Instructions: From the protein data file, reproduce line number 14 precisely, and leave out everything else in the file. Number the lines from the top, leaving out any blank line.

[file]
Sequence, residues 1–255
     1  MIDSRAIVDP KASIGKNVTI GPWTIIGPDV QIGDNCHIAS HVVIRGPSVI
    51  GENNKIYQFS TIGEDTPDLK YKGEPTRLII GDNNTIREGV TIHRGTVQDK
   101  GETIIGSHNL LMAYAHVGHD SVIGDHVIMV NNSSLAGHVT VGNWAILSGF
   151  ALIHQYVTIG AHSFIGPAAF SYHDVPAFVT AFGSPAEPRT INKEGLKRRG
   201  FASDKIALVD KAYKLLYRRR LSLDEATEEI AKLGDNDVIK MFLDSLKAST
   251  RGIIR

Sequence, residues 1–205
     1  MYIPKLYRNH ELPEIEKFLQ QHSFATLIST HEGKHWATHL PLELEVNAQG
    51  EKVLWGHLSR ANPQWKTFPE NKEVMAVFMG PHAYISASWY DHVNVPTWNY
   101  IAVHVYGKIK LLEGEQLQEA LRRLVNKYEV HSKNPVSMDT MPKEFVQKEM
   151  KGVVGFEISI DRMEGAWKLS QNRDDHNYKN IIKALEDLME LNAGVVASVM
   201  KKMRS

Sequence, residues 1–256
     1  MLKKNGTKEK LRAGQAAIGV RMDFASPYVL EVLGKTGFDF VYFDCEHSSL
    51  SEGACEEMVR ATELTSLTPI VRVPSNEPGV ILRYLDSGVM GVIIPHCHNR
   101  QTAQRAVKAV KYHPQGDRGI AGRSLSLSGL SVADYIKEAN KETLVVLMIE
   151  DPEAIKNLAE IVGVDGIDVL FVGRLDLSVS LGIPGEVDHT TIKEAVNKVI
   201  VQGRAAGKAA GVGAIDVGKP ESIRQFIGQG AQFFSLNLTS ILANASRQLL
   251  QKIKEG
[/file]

Sequence, residues 1–256